The next section of the river offers open fields and meadows, a real feel of escaping the city but it's not long before you discover yet another urban point of interest along the Nidda - Römerstadt! On the left bank, as you continue to cycle upstream, you'll spot some more Schrebergartens and a large fortress like wall. Beyond this wall is Römerstadt, a former Roman settlement and better known today as an area of 1930's housing designed by the architect Ernst May. The Ernst May Haus is open to the public, but check opening times.

After Römerstadt, use one of the bridges to cross over to the right bank and continue on your journey. In 5km you reach the old Bonames airfield, an area of conservation. The airfield itself is on the left bank. The old runway and air traffic control tower are still there along side the excellent Tower Cafe. If you are cycling through on a Sunday morning, the Fire Engine Museum is also open from 09:30 to 12:30.

The final stretch of this cycle ride takes you back along the right river bank through bucolic scenery and onto Bad Vibel. A small town famed for it's natural water source. It has a cute little old town, a pretty park and is rightly proud of it's Burgfestspiele, an old castle converted to an outdoor concert venue. It also has a quite a few ice-cream cafes, Eiscafe Milano is one of my favourites, and after that long cycle ride you deserve a treat, right!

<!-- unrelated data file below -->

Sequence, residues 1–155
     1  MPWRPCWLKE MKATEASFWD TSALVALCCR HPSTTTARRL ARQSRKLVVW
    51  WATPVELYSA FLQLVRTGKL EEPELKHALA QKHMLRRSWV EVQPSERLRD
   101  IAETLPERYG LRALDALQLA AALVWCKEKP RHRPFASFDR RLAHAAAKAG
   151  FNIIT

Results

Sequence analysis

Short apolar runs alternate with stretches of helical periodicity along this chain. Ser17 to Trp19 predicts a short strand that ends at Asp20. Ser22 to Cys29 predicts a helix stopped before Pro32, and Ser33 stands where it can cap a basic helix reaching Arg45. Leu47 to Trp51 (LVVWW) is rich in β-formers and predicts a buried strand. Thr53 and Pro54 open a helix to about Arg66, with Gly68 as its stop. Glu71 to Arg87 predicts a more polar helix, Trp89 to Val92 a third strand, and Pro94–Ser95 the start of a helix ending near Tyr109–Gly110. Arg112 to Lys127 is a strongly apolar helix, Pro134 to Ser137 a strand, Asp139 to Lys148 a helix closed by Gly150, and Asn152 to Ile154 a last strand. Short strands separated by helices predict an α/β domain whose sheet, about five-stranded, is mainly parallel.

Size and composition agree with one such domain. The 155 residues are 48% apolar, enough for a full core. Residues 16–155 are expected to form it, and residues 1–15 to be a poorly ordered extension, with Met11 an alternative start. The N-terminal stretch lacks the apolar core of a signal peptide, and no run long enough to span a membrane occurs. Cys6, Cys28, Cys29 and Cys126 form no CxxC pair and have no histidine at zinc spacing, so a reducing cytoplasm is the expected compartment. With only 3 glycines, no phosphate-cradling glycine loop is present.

Frankfurt Höchst

Sometimes written Hoechst, this little town in the western suburbs of Frankfurt has beautiful, timber-framed, medieval housing, an old town square, a delightful castle (the former residence of the Archbishop of Mainz), and a beautiful riverside along the Main.

Höchst is just 15 minutes by train from Frankfurt Hauptbahnhof and can be reached using the S1 or S2 trains. It is within the Frankfurt travel zone area and the trip is covered by daily, weekly and yearly travel cards. To find the old town, alight at Frankfurt Höchst, exit the station to the south and head along Justinuskirchstraße.

It is also a very pleasant cycle ride to Höchst travelling west, out of Frankfurt, along the south bank of the river Main towards Schwanheim. As you draw level with Höchst, on the opposite riverbank, there is a small ferry boat which shuttles passengers to and fro, across the river, for just 1€. Once on the Höchst riverbank, you are directly in front of the old city gate and walls. Walk through the gate and you enter the old town. Alternatively, you can take refreshment at the Alteschiffsmeldestelle, an open air cafe 100m to the west of where the shuttle boat docks.

Höchst castle has some lovely grounds to explore and is in the heart of the old town. The small square as you approach the castle has plenty of quaint places to eat and relax. From the square it is possible to walk down, through the gate of the old town walls and to the river bank.